No doubt feeling the pressure from AMD, Techweb reported on November 7 that Intel is aggressively ramping from the 0.18 micron process to the 0.13 micron process:
Claiming to take the lead in chip manufacturing, Intel Corp. Tuesday entered the 0.13-micron race by announcing a new process technology complete with copper-interconnects and low-k dielectrics.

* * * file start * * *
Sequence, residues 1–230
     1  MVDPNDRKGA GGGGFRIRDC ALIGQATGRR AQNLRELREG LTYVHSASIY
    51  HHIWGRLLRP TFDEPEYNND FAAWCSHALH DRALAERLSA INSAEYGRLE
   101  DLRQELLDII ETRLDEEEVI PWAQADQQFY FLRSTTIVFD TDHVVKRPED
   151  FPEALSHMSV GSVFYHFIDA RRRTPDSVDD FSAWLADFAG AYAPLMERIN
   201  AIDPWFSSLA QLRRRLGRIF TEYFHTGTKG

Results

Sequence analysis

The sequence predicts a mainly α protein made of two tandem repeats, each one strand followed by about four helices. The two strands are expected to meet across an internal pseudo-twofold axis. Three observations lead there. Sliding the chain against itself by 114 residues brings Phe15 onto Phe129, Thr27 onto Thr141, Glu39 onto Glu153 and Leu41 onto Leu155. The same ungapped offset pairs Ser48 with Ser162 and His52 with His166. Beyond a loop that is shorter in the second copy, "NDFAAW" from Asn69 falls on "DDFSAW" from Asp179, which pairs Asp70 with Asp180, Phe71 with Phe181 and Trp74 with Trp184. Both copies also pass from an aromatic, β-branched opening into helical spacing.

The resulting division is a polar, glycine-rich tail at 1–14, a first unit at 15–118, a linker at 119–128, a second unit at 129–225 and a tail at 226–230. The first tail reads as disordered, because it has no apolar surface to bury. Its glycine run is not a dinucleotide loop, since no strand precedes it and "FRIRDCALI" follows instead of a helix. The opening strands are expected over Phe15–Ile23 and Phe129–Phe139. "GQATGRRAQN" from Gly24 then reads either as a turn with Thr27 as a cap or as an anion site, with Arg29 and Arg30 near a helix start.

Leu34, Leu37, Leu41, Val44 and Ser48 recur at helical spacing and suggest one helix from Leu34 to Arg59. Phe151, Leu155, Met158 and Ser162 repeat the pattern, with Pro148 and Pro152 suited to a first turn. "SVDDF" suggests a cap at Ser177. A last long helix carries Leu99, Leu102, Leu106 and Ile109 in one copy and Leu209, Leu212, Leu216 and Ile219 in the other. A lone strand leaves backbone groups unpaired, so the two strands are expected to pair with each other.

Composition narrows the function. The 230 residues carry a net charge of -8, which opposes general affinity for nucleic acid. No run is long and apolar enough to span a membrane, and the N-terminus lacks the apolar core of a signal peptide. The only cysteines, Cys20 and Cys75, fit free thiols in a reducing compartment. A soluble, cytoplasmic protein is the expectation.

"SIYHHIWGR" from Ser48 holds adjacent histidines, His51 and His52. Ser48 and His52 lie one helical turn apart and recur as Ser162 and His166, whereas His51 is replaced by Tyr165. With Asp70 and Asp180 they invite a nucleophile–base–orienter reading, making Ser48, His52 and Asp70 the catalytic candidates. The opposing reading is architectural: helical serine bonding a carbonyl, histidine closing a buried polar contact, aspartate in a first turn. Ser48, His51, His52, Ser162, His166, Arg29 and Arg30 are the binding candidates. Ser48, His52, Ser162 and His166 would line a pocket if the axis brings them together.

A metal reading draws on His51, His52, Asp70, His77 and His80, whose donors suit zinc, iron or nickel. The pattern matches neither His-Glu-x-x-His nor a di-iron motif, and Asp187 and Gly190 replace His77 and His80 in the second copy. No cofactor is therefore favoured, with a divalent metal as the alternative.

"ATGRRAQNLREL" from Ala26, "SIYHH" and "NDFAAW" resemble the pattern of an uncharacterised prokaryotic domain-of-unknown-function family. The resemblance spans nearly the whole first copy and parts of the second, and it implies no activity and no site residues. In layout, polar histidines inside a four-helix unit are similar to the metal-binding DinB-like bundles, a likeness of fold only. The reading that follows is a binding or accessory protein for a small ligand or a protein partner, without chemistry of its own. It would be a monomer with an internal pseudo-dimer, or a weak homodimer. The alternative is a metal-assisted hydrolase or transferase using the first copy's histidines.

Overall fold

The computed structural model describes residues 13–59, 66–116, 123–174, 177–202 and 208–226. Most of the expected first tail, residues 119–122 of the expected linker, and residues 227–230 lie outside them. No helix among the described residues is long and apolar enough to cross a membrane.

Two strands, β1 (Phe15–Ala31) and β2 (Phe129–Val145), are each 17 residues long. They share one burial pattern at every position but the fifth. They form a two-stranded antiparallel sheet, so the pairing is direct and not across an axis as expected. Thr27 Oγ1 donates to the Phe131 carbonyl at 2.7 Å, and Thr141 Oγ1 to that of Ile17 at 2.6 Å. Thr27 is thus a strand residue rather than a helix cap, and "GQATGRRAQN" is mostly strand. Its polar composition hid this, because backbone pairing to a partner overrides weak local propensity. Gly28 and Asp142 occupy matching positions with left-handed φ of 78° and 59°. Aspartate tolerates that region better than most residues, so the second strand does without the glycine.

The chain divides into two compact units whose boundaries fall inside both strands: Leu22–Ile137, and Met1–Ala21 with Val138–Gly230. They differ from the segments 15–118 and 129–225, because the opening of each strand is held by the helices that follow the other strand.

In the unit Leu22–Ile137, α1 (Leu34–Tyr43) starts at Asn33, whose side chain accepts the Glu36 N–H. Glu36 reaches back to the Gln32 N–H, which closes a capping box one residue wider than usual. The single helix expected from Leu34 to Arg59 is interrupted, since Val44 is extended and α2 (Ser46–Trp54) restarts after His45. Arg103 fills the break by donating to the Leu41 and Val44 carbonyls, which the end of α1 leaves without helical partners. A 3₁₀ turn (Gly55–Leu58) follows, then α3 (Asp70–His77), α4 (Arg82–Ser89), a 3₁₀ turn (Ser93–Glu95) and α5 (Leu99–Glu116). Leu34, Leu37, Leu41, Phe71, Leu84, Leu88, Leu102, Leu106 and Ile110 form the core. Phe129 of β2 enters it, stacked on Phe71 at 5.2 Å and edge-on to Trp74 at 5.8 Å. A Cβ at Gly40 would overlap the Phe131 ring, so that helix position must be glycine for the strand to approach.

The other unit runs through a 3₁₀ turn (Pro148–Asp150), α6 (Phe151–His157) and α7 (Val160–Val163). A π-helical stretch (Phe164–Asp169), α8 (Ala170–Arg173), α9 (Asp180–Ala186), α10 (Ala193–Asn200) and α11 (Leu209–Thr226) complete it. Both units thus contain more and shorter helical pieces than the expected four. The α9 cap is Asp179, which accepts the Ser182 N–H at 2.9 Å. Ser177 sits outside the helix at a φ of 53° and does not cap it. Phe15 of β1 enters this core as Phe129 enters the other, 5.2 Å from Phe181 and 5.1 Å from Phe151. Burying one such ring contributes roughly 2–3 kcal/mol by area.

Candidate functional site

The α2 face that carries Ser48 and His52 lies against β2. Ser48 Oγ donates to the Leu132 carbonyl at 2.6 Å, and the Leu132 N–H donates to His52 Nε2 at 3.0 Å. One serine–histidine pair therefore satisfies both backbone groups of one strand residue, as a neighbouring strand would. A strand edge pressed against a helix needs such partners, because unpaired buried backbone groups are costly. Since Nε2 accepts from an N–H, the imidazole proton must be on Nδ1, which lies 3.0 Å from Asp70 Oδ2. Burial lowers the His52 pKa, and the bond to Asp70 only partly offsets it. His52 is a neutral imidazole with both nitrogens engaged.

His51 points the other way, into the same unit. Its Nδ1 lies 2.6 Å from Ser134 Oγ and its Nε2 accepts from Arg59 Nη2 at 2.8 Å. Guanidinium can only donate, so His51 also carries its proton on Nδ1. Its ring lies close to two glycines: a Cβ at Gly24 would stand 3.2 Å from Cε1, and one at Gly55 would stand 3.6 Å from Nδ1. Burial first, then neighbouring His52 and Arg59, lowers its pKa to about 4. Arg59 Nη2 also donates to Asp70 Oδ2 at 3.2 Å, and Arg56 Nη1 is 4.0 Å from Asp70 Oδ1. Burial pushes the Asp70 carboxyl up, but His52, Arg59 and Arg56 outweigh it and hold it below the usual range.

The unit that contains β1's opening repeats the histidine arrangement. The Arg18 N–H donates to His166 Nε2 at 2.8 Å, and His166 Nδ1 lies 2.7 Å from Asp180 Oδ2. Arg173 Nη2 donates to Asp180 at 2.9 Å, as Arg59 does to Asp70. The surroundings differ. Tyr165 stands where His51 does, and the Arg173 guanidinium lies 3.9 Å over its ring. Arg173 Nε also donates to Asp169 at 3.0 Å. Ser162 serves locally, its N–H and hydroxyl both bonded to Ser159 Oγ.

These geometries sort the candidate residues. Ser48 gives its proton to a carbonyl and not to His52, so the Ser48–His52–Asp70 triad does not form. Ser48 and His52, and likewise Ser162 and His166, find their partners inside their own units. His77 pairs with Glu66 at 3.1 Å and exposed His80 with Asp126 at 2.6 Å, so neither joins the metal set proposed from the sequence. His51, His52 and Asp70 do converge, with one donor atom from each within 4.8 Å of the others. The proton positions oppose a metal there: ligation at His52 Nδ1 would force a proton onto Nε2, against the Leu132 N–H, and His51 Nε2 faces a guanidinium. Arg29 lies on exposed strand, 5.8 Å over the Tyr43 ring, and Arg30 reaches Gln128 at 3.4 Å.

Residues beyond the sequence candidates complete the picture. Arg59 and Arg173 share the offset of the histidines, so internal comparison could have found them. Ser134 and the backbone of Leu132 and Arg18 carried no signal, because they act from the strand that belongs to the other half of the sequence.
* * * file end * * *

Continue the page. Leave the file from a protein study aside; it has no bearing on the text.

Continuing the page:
ASCII news (Japan) is reporting that Intel is gearing up for a Q1 2001 release of desktop processors based on the 0.13 micron process. High volume manufacturing of Northwood (0.13 micron process Pentium 4) or mobile Pentium III as early as Q1? According to the news story, Intel has been working on this process for 2 years. The 0.13 micron process will allow Intel to shrink the gate size in their transistors to 70 nm. It was reported in the Techweb article that “Fab20” in Oregon will be the first to ramp to the 0.13 micron process. This will happen in March 2001. In Q3 2001, Arizona’s “Fab22” and New Mexico’s “D2” will make the transition followed in Q4 by Ireland’s “Fab24 ” and Massachusetts’ “Fab17.” This will make five 200-mm plants capable of manufacturing at the 0.13 micron process by the end of 2001. Q1 2002 will mark the debut of Oregon’s “D1C,” a 300-mm plant capable of manufacturing at the 0.13 micron process and by Q3 2003 all Intel fabs will be 0.13 micron process capable. There will be a new process technology at this time. It is not clear whether or not this will be the 0.10 micron process or something even smaller. While Intel accelerates the transition to the 0.13 micron process, speculation is that the cost of Northwood (how about Tualatin?) will also increase as well. The article has pictures illustrating Intel’s plans.